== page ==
There are three major functions of Wear: a Google Now-style "homescreen" with a a scrollable list of cards, a notification system that alerts you to information from your smartphone, and a series of contextual tools that pop up during certain activities.
Almost perfectly timed with Google's Android Wear announcement, Motorola has laid out its new smart watch plans. The Moto 360 is a round smart watch running on Android Wear that you will be able to actually purchase this summer. I know, this seems like the future all of a sudden.
Last December, Google announced LiquidFun, a cross-platform physics engine developers could use to create realistic gaming experiences. Now, as a part of Google Developer Day at this year's Game Developers Conference, the company has released version 1.0 out into the wild. It's also provided no shortage of videos demoing what the project is capable of.
Google has just announced its plans for Android wearables, and this could make all those other smart watches look like they're standing still. Android Wear is an open Android-powered platform that lets developers plug into existing apps and take advantage of Google services like Now and voice search. There is a preview SDK available right now, and Google says wearables based on this platform are coming in 2014.
Google Now is a powerful tool. A step toward Google's vision of a Star Trek computer in the palm of your hand, Now is built to serve up information that you need, exactly when you need it, without you asking for it.
To that end, the service has seen many improvements since its debut. It will tell you when your favorite teams are playing, when you need to leave to make it to the airport on time, whether your plane is delayed, and plenty of info about your destination and surrounding attractions, among numerous other things.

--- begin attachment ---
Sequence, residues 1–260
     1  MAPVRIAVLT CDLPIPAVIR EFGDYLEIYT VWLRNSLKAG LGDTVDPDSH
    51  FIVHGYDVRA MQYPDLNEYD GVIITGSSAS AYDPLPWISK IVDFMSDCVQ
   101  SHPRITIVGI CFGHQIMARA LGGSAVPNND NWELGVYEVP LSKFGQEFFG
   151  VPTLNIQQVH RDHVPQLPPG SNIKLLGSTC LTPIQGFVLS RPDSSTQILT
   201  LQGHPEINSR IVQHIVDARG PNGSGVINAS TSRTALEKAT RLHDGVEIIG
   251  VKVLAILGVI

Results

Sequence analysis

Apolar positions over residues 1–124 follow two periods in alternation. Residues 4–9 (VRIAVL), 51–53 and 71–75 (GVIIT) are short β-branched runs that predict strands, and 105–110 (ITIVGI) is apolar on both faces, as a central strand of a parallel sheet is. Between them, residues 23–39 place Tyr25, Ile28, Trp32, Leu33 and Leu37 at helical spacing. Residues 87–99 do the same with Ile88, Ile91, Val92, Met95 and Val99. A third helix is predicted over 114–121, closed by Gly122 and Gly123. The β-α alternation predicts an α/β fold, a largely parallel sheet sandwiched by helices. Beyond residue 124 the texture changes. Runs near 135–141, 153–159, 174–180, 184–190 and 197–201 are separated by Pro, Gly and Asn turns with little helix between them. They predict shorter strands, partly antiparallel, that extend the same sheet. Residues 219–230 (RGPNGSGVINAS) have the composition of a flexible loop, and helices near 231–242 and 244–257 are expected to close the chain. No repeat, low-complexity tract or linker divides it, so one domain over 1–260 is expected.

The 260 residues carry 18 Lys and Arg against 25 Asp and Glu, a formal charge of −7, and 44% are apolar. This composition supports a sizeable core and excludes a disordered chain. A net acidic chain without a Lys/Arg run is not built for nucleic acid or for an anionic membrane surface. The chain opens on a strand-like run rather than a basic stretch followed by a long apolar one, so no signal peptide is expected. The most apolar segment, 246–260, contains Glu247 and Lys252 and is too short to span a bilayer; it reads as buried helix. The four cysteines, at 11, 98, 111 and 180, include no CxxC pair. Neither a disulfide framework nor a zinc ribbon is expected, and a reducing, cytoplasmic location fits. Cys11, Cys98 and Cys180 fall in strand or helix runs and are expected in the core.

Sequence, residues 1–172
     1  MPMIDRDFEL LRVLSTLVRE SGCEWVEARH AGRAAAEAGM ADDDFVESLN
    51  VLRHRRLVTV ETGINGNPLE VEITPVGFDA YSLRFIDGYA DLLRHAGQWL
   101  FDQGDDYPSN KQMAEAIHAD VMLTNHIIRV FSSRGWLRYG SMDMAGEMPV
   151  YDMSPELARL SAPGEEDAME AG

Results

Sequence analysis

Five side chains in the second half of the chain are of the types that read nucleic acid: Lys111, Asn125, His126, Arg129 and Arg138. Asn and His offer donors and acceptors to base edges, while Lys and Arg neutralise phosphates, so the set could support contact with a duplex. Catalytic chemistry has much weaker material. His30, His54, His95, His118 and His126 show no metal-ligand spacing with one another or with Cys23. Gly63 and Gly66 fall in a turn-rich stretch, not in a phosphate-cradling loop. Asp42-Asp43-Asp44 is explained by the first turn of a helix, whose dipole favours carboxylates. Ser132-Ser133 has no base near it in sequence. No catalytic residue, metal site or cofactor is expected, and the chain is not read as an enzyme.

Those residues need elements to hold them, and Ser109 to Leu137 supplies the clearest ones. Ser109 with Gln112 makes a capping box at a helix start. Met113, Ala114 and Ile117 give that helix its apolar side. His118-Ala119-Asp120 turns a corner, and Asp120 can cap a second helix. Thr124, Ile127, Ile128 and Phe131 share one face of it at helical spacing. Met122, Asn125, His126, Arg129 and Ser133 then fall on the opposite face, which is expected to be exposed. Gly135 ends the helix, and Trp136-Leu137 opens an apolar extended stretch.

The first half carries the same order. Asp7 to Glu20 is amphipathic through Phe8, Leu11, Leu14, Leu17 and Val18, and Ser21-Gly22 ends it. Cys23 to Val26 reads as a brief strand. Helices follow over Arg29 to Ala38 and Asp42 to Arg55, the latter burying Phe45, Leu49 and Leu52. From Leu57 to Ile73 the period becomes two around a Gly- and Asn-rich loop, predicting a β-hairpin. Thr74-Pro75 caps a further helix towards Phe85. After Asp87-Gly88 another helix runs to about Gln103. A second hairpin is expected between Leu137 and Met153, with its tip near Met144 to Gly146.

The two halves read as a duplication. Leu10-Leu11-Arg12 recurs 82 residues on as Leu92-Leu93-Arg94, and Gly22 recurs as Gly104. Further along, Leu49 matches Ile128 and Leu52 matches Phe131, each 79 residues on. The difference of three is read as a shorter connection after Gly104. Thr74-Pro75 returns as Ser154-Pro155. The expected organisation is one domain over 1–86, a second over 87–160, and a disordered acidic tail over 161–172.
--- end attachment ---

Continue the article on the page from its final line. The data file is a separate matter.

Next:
No, you're not alone – Google Hangouts has crashed and burned this morning. Reports are popping up all over the web, and none of us are able to connect on the desktop or web. There's no word from Google yet, but there are probably engineers running frantically around a data center somewhere in California right now.
There are definitely a few features lacking in the way paid content is handled in Google Play – gift codes and free-to-paid app transition, for starters. According Google's GDC announcement, the company isn't addressing those issues in particular, but some other features are coming to Google Play in the form of some new developer options and support for in-game gifts.
Our friends across the pond will no longer have to resort to importing a Chromecast from the US as of March 19th. That's apparently the day Google's streaming dongle is set to hit shelves in the UK. At least one retailer already has the device in stock and has alerted employees to the impeding launch.
Google has updated its support pages and started sending out emails to alert users of Google Wallet to an upcoming change in the way NFC payments work. As of April 14th, tap and pay will require KitKat or higher. Older devices will no longer be supported after that date.
The reason for the change is Google's desire to only use Host Card Emulation (HCE) to make NFC payments work. That feature was introduced in Android 4.4, so it's the end of the line for Jelly Bean and earlier devices.